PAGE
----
Wonders of the Apple Watch, Part 1

by Chelsea Mohler, AT Instructor, BALANCE

Apple Watch-What’s not to love?

In addition to the iPhone, iPad, and Macbook, Apple has an Apple watch, and I have just recently purchased one because I was curious what all the fuss was about!  So, I should start by saying I have the Apple Watch Gen one, which is most certainly  not water-proof, but if I like it, I’ll upgrade to the Gen two.  There are way too many cool features to discuss in one blog, so I’ll start by covering the basics and leave the rest for another entry!

I love tools and gadgets, and I love accessible gadgets the most. Since I have a visual impairment, I’m used to having to wait around for the “special” stuff. So, the things I love the most are mainstream gadgets that come out of the box being accessible.

Now that I’ve had my Apple Watch, the Gen One, for a couple of days, I hope I can clear up some of your first-day questions.  First thing’s first, if you have just purchased the watch, you will need to pair it with your iPhone.  This means getting the phone and the watch to talk to one another and play nicey!  It seems difficult, yes, but this process actually can be done completely without vision.  I won’t rewrite how to pair the watch because the

How to Set up Your New Apple Watch – A Comprehensive Guide

is first rate and does a very thorough job.

before we can go too much further, we need to ensure VoiceOver is turned on on the watch.  If it is already on from when you paired the watch, this is still a good review for future.  Turn on Voiceover.  On Apple Watch, open the Settings app , then turn on General > Accessibility > VoiceOver. You can also use iPhone to turn on VoiceOver for Apple Watch—open the Apple Watch app on iPhone, tap My Watch, then tap the VoiceOver option in General > Accessibility. Or, use the Accessibility Shortcut. See The Accessibility Shortcut. And there’s always Siri:

Ask Siri. “Turn VoiceOver on.”

OK, once the watch is paired and Voiceovr is set up, it is time to explore the screen. Move your finger around on the display and listen as the name of each item you touch is spoken. You can also tap with one finger to select an item, or swipe left or right with one finger to select an adjacent item.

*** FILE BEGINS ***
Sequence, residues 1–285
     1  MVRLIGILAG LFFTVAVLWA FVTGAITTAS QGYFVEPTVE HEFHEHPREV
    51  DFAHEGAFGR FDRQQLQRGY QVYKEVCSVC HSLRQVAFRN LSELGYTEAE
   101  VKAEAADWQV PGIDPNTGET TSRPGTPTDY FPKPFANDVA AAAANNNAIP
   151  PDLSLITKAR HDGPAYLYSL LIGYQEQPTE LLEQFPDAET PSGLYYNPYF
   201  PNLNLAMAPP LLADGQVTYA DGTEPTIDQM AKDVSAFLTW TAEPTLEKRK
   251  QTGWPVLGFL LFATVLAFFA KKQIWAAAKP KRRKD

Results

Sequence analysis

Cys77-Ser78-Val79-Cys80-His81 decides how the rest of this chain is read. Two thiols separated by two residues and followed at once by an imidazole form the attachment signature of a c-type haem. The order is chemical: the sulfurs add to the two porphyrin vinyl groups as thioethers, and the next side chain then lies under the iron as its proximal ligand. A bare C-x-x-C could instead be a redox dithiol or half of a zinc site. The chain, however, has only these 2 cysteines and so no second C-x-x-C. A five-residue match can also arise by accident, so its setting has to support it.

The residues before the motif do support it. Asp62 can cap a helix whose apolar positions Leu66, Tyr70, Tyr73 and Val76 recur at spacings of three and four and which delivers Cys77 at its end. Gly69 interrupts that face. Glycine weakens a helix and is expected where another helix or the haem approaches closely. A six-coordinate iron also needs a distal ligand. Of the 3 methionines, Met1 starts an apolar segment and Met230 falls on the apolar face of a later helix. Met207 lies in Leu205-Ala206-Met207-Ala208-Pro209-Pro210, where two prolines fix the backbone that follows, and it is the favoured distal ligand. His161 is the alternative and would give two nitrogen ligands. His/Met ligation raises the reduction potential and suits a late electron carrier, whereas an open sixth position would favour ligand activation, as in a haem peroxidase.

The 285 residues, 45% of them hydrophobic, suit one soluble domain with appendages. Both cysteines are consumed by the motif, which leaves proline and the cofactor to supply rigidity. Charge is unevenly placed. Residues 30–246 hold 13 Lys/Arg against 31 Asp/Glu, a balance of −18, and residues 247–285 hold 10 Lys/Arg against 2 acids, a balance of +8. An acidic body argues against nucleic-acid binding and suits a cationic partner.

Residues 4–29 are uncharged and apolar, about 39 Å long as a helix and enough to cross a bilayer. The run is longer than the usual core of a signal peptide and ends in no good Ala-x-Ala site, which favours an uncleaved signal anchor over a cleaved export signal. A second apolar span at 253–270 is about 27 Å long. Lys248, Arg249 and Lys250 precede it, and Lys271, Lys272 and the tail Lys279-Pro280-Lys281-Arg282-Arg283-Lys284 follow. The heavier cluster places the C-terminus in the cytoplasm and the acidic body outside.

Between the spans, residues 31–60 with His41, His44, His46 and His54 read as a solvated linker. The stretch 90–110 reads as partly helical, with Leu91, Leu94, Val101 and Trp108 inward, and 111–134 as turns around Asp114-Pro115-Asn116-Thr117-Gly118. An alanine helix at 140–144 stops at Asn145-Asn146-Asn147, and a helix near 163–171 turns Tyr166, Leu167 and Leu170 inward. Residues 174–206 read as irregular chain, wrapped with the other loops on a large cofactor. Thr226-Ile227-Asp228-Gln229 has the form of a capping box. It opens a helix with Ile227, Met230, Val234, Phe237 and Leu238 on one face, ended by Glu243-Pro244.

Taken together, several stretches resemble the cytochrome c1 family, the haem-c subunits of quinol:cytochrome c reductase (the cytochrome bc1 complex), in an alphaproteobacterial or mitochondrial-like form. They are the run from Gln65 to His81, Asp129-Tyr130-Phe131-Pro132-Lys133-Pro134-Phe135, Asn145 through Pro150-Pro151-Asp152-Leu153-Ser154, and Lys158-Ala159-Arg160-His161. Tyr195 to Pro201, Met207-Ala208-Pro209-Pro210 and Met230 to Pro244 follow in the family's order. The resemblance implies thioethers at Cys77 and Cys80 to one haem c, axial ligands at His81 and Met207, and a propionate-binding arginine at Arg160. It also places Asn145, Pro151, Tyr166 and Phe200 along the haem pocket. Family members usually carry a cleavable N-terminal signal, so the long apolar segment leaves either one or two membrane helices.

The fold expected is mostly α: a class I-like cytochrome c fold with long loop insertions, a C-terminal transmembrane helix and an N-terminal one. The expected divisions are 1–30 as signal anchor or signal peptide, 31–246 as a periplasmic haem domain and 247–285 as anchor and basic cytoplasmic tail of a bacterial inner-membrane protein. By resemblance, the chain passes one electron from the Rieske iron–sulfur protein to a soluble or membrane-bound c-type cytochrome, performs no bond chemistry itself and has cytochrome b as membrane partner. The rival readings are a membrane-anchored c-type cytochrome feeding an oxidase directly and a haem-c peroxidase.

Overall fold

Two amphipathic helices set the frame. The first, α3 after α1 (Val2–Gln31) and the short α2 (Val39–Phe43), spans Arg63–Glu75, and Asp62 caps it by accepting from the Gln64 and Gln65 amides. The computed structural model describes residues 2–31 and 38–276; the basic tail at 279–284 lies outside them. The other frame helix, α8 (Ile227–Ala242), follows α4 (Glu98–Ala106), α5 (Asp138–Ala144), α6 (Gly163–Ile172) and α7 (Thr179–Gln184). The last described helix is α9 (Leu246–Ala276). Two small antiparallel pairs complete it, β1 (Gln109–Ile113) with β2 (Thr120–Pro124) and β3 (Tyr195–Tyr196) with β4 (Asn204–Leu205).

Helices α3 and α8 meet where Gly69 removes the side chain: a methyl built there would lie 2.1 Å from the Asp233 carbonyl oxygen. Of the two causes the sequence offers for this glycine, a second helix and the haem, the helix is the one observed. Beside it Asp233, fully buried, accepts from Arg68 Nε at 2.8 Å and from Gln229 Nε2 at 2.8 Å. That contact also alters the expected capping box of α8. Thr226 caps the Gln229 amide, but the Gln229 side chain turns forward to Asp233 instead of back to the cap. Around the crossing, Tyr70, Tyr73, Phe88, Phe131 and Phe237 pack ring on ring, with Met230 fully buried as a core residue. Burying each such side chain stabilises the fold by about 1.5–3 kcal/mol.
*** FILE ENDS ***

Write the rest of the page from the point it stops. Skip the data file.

Gone down a path you didn’t expect? Do a two-finger scrub: use two fingers to trace a “z” shape on the display.

Act on an item. With VoiceOver on, use a double tap instead of a single tap to open an app, switch an option, or perform any action that would normally be done with a tap. Select an app icon or option switch by tapping it or swiping to it, then double-tap to perform its action. For example, to turn VoiceOver off, select the VoiceOver button, then double-tap anywhere on the display.

Pausing Voiceover

Let’s say you are in the middle of a e-mail or text and you want to pause Voiceover from reading. To have VoiceOver stop reading, tap the display with two fingers. Tap again with two fingers to resume.

Adjust VoiceOver volume. Double-tap and hold with two fingers, then slide up or down. Or, open the Apple Watch app on iPhone, tap My Watch, then go to General > Accessibility > VoiceOver and drag the slider.

Adjust reading rate. Open the Apple Watch app on iPhone, tap My Watch, then go to General > Accessibility > VoiceOver and drag the slider.

Want to save battery and have the information on your watch kept private?  Well, you can turn on the screen curtain by opening the Settings app on Apple Watch, then turn on General > Accessibility > VoiceOver and turn on Screen Curtain.

Want your watch to be able to be used by a sighted peer?  Simply turn off Voiceover by opening the settings Settings app , go to General > Accessibility > VoiceOver, then tap the VoiceOver button.

Ask Siri. “Turn VoiceOver off.”

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